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Training Camp Preview - Wide Receivers

The wide receiver position was starting to emerge as a strength in Washington. The last two months have proven how quickly that can change.

Is there a bigger question mark on the Washington Football Team’s roster heading into 2020 than the wide receiver position?

As we entered summer, there were three names we knew about and all happened to be rising second-year players in Terry McLaurin, Steven Sims and Kelvin Harmon. Unfortunately, Harmon would tear his ACL during workouts this summer and a thin position got a bit thinner.

As training camp began this week, head coach Ron Rivera spoke on a number of topics, including the wide receiver position and addressed whether or not he would be looking to add some veterans.

Hot Read: Five Takeaways From Ron Rivera Including a Need at Receiver

Let’s focus on Washington does have as training camp begins.

McLaurin is already a star. The third-round pick from a year ago became an instant starter for Washington in 2019. He was unquestionably the team’s top receiver and finished the year 58 receptions, 919 yards and seven touchdowns.

Not only is McLaurin a strong route runner and potent deep threat, but he also makes the tough catches, too.

McLaurin missed two games but still would’ve easily gone over the 1,000-yard mark if he had consistent quarterback play. Early in the year, Case Keenum missed McLaurin on some big plays. His former college teammate, Dwayne Haskins, missed him several times, too, as he was adjusting to life in the NFL.

For the first time in years, Washington has a homegrown star at wide receiver.

Does the Washington Football Team have two star receivers?

Sims was undrafted one year ago out of Kansas. He actually made the roster due to a late push in training camp.

Early in the season, the former coaching staff didn’t know what it had in Sims. Then, in a Week 5 loss to New England, Jay Gruden gave Sims the ball on a jet sweep and the rookie took it 65 yards for his first career touchdown.

Gruden was fired, but interim coach Bill Callahan made it a point to get Sims more involved in the offense. He would surpass Trey Quinn as the starting slot receiver and finished his rookie season with 34 receptions for 310 yards and four touchdowns.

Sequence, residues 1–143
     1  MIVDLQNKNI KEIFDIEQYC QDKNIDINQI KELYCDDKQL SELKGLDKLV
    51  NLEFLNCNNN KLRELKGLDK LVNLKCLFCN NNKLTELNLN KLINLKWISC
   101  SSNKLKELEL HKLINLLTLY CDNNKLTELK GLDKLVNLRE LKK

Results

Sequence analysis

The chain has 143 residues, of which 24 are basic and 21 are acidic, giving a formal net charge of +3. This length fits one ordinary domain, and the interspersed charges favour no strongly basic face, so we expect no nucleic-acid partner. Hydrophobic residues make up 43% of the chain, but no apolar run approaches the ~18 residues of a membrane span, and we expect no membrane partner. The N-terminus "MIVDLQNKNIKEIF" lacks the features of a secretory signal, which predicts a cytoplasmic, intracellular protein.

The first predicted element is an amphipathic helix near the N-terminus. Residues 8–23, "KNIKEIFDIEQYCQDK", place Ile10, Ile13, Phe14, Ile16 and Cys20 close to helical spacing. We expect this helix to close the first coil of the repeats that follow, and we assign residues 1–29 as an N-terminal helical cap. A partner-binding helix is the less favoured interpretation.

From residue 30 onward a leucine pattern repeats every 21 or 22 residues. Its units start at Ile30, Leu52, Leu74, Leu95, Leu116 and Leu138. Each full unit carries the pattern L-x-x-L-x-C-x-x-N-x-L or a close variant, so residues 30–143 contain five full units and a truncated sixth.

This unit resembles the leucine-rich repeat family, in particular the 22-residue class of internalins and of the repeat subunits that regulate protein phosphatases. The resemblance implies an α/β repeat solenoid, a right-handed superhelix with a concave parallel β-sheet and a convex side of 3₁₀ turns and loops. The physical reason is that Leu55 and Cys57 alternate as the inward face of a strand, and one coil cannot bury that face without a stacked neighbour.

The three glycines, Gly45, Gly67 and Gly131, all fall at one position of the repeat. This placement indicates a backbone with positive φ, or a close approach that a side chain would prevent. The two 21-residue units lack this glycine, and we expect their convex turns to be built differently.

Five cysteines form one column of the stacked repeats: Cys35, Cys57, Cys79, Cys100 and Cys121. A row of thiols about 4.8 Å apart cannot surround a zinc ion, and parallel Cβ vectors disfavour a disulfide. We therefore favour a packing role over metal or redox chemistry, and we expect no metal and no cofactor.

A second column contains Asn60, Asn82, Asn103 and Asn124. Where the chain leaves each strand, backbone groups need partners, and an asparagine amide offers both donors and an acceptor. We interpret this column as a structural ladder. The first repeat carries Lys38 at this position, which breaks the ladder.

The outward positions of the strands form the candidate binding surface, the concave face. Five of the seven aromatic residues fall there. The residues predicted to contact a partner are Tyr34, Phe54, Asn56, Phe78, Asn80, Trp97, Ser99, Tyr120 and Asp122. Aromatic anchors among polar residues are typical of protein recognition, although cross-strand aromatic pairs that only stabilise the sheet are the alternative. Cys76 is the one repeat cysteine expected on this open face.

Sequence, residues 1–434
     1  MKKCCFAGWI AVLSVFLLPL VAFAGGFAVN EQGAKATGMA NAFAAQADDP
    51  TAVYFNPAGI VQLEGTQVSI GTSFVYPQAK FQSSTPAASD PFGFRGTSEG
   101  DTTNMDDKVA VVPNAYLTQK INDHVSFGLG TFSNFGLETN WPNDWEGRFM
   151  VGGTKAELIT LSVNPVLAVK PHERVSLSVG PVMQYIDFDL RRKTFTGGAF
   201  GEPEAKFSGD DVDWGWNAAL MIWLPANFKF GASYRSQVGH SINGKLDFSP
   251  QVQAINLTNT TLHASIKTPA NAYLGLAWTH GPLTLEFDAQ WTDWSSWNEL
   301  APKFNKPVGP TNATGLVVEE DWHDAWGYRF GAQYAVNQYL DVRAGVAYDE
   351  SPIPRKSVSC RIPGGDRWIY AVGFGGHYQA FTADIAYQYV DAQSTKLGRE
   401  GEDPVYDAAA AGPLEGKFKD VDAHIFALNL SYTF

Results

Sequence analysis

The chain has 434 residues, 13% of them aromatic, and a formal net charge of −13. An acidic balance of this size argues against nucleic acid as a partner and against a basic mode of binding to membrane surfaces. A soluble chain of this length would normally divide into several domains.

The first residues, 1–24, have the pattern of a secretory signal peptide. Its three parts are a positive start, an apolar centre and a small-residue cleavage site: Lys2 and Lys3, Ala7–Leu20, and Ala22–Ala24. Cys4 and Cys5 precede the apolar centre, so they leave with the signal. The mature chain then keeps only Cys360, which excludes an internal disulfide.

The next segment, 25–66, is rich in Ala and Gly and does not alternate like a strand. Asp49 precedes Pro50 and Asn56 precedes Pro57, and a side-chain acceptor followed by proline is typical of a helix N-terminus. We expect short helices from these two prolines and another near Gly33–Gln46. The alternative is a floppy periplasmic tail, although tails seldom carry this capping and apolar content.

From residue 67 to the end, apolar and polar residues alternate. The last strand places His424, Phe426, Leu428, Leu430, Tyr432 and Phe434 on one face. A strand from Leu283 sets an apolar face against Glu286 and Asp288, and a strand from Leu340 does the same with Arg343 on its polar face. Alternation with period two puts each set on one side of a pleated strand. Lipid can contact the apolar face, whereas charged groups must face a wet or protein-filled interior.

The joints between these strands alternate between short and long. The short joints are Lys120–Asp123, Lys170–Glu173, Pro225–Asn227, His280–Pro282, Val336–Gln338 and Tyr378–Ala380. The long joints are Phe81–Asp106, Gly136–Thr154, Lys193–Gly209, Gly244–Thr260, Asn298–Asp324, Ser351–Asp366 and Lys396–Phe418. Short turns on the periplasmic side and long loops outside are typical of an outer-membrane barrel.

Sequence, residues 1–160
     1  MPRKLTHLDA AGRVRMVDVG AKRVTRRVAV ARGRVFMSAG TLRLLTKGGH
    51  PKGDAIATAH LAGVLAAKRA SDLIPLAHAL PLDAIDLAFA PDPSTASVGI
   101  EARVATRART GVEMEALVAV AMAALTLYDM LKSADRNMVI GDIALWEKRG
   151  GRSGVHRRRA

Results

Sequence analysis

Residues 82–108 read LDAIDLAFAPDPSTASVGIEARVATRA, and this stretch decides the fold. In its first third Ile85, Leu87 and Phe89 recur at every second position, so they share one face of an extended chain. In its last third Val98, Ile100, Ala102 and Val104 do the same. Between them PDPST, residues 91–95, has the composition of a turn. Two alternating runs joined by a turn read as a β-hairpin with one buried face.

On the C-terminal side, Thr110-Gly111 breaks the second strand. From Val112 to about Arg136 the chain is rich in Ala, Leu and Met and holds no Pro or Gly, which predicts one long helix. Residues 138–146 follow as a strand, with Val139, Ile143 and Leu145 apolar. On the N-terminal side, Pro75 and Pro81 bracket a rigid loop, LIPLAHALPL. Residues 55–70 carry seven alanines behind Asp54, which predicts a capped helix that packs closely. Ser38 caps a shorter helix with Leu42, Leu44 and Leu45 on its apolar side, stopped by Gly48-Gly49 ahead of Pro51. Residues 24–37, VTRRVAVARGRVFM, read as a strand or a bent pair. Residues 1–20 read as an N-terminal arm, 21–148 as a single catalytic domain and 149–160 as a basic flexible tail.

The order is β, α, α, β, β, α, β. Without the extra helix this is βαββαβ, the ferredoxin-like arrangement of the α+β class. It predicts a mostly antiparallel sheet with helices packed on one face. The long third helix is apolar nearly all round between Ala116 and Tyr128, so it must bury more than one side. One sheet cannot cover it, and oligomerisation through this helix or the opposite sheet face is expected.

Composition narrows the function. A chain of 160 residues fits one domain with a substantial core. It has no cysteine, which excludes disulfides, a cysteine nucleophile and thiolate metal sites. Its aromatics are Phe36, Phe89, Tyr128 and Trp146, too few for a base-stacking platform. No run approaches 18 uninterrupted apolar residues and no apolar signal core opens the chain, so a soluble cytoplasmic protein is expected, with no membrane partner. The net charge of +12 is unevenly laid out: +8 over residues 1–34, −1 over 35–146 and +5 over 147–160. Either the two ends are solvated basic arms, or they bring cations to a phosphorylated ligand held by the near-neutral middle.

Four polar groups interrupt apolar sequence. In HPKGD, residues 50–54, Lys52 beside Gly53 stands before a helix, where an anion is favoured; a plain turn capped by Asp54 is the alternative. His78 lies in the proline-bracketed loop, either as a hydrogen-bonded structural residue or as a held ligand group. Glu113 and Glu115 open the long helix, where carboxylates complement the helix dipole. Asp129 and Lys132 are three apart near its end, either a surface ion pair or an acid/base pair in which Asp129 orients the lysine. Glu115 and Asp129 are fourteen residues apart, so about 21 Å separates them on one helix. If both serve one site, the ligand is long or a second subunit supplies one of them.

Sims would also star on special teams, winning NFC Special Teams Player of the Week after returning a kickoff for a touchdown in Week 12 against Detroit.

He would also have big performances in games against division rivals Dallas, New York and Philadelphia.

Sims could be on the verge of a breakout campaign in year two.

Harmon was supposed to start opposite of McLaurin on the outside. His loss will be felt, especially when Haskins needs three of four yards on third down. Harmon became a dependable target for the young passer last season.

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So, who else does Washington have?

Not Cody Latimer. The disappointing former second-round pick has bounced around as a veteran and was expected to add depth this season. He is now on the Commissioner’s Exempt List after an offseason arrest.

Antonio Gandy-Golden is one player to watch. The fourth-round pick from Liberty was one of the most productive players in all of college football last season. He caught 231 passes for 3,722 yards and 32 touchdowns for his college career and can instantly help the Washington Football Team in the red zone.

This training camp is a big one for Gandy-Golden. This is where a lack of preseason games could hurt. Preseason games were a good indicator of where rookies were ahead of the season.

Quinn and Cam Sims are both back. Both have received opportunities and failed to deliver. The 6-foot-5 Sims has two catches for 27 yards in his two-year career.

Quinn showed promise as a rookie in 2018, but could not stay healthy. In 2019, he played in 12 games, making 26 catches for 198 yards and a score. He was clearly passed by Steven Sims on the depth chart.

Darvin Kidsy Jr. is another former undrafted player trying to make the final roster. In his third year out of Texas Southern, Kidsy has spent time on both the active roster and practice squad in each of the last two years. He has impressed when called upon in the preseason. 

Jordan Veasy, a 6-foot-3, 221-pounder from California, has bounced around the practice squads of several teams in the last two years.

Jester Weah, another big target at 6-foot-3, signed with Washington’s practice squad last October. He was promoted to the active roster for the final game.

The rest of the wide receivers in training camp are a pair of undrafted free agents in Johnathan Johnson of Missouri and Isaiah Wright of Temple.

Johnson caught 153 career passes in the rugged SEC but faces an uphill climb to make the roster. 

Wright is more intriguing. The 6-foot-2 Wright caught 134 career passes at Temple and also happens to be a talented returner. He returned two kickoffs and three punts for touchdowns during his college career. As he battles to make the roster, his ability on special teams could provide him with an upper hand.

Wright is much faster on film than he is in the 40-yard dash.

The wide receiver position is full of questions and the lack of preseason will not only hurt young players trying to make the roster, but also the coaches trying to decide which players to keep.

Expect Washington to sign a veteran either before — or after — Week 1 to fill out this group.

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Bryan Manning writes about the Washington Football Team for 'Washington Football' and contributes to "All Hokies" on He has covered the NFL, MLB, NBA, college football and college basketball for almost 10 years for various outlets such as Bleacher Report, SB Nation, FanSided, USA Today SMG, and others. For his day job, Bryan works in engineering for a major communications company.